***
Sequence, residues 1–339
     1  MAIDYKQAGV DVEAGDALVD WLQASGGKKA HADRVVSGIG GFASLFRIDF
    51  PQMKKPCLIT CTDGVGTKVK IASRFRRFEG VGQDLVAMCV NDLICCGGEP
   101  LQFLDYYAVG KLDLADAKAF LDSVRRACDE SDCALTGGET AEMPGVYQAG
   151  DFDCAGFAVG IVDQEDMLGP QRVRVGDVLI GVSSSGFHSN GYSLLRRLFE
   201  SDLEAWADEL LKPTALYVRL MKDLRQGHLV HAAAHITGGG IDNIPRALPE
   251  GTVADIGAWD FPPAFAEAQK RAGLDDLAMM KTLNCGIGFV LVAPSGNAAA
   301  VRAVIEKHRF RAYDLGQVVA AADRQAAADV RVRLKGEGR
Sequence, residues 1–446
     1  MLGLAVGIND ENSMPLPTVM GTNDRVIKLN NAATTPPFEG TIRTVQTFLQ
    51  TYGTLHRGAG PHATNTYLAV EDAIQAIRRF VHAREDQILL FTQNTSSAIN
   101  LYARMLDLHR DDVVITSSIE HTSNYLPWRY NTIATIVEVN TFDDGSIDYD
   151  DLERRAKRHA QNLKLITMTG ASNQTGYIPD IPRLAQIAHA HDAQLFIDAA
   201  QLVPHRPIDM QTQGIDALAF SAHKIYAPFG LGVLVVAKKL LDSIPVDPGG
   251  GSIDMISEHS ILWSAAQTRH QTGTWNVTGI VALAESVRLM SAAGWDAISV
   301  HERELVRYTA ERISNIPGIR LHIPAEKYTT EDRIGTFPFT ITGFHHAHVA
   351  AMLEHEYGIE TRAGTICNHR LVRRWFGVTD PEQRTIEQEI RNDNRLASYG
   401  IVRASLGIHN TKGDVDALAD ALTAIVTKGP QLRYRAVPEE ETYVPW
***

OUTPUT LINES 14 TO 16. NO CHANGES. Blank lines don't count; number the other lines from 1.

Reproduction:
   201  QLVPHRPIDM QTQGIDALAF SAHKIYAPFG LGVLVVAKKL LDSIPVDPGG
   251  GSIDMISEHS ILWSAAQTRH QTGTWNVTGI VALAESVRLM SAAGWDAISV
   301  HERELVRYTA ERISNIPGIR LHIPAEKYTT EDRIGTFPFT ITGFHHAHVA